The Indian Rupee is close to making new lows versus the US dollar. And to be fair, this is not something new. Every now and then, there are news items about how INR is depreciating and USD is appreciating.
In fact, have a look at the 10-year data of USD-INR exchange rate below –
Related Reading – Exchange rate history of Indian Rupee
It is clear that in general, the value of 1 US Dollar versus Indian Rupee keeps on going up. There are periods of volatility every now and then but in general, the trend is clear.
So why does this happen?
Why does the Indian Rupee generally keep falling against the US Dollar?
It is a little complex with multiple factors at play. But let me try to explain.
The value of any currency is determined by supply and demand. If there is more demand for a currency than there is supply, the value of that currency will increase. Conversely, if there is more supply of a currency than there is demand, the value of that currency will decrease.
The value of the Indian Rupee against the US dollar also works on the same principle of supply and demand (at most times).
When the demand for the US dollar increases, the Indian Rupee depreciates and vice versa. When a country imports more than it exports, the demand for dollars exceeds the supply and local currencies such as the Indian Rupee.
And India has always been a net importer country and this in itself, has resulted in the gradual depreciation of the Indian Rupee against the US Dollar. Many people get tempted by foreign exchange rate movements and look at forex trading. It is easier said than done as there is plenty of speculation in the forex market about how future demand and supply for dollars will pan out and the Rupee will fluctuate against the Dollar.
Now there can be a number of other factors that can affect the supply and demand for currencies. These include:
- Economic growth: If a country’s economy is growing, there is likely to be more demand for its currency. This is because businesses and investors will want to invest in the country, which will require them to buy the country’s currency.
- Inflation: If a country’s inflation rate is high, the value of its currency will likely decrease. This is because inflation makes the currency less valuable, as it means that the same amount of currency can buy fewer goods and services.
- Interest rates: If a country’s interest rates are high, the value of its currency will likely increase. This is because high interest rates make the country’s currency more attractive to investors, who will want to earn the higher interest rates.
- Political stability: If a country is politically stable, the value of its currency will likely be more stable. This is because investors are more likely to invest in countries that are politically stable, which will require them to buy the country’s currency.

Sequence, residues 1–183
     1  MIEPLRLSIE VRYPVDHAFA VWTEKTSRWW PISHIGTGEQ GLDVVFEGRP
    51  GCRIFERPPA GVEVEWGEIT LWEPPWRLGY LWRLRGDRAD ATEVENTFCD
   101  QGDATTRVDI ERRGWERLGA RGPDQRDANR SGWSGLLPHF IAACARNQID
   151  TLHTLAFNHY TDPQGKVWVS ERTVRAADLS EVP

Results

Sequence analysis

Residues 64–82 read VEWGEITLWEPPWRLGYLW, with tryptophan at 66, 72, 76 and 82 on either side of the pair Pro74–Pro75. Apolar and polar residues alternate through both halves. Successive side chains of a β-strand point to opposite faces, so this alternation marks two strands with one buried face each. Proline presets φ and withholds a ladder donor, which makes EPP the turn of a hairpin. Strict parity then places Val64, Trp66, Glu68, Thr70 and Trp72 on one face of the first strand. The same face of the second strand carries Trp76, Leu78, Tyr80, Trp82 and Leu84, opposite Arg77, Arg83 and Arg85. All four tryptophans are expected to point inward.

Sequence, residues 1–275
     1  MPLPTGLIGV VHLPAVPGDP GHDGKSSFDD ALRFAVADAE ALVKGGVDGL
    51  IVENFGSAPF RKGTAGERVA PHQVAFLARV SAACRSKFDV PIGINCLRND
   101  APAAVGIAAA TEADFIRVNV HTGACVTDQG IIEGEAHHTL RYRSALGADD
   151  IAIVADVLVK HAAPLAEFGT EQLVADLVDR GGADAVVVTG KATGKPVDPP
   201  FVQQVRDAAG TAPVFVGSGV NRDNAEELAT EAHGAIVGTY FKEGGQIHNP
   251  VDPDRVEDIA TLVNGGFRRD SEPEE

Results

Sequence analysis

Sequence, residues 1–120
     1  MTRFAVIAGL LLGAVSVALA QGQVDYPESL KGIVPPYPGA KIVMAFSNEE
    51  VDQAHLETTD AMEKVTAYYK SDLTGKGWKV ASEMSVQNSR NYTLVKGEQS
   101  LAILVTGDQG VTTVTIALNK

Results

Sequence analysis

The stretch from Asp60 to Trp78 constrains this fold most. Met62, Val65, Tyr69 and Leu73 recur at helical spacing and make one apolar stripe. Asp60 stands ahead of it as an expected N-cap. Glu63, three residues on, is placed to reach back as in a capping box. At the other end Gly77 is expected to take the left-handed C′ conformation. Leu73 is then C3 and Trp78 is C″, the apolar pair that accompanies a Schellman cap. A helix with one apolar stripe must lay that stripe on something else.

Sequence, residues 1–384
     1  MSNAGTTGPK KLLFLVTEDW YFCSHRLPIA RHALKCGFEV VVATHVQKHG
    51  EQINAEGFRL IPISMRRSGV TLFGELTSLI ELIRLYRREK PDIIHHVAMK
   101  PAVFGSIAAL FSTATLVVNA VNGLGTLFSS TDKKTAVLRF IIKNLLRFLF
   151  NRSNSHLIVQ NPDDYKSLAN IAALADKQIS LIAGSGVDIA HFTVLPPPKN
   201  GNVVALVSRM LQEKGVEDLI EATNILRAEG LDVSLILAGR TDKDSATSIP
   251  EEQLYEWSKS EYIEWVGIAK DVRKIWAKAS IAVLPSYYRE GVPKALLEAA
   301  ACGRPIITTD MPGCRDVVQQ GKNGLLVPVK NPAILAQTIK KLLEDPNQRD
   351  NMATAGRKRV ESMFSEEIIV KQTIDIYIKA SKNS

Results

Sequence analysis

The Indian rupee has been generally depreciating against the US dollar, as we saw in the graph above, for a number of reasons. These include:
- India’s high current account deficit: India’s current account deficit is the difference between the amount of money that India exports and the amount of money that India imports. A high current account deficit means that India is importing more goods and services than it is exporting. This puts downward pressure on the value of the rupee, as there is more demand for foreign currency than there is for Indian currency.
- India’s high inflation rate: India’s inflation rate has been consistently high in recent years comparatively speaking.
- The US dollar’s strength: The US dollar has been strengthening in recent years against most other currencies. This is due to a number of factors, including the US Federal Reserve’s monetary policy and the strength of the US economy. The strengthening of the US dollar has put further downward pressure on the value of the rupee.
The foreign exchange market, referred to as forex, is the global marketplace where national currencies can be exchanged against one another. These days, many participants in forex markets are equipped with algorithmic automated trading strategies, and artificial intelligence-powered analytics tools that has made the market a little too fast paced for those who might be tempted to start new.
But coming back to the question at hand about fluctuations of currencies against each other – that is exchange rate volatility. Even RBI has acknowledged in a working paper on Exchange Rate Volatility that Exchange rate volatility adversely impacts market sentiments and thereby foreign trade and economic growth. Since BRICS represent an emerging economic block, foreign capital flows get easily attracted to these economies for higher returns. However, it has been observed that capital flows are often associated with exchange rate volatility. More details are available on the central bank RBI’s site here.
And one more thing. Global politics is also inextricably connected when it comes to currency movements. Political events, from elections to trade wars, all have an effect on currency values; therefore, traders often double as geopolitical analysts in deciphering how global events might influence them and, therefore, how currencies pair.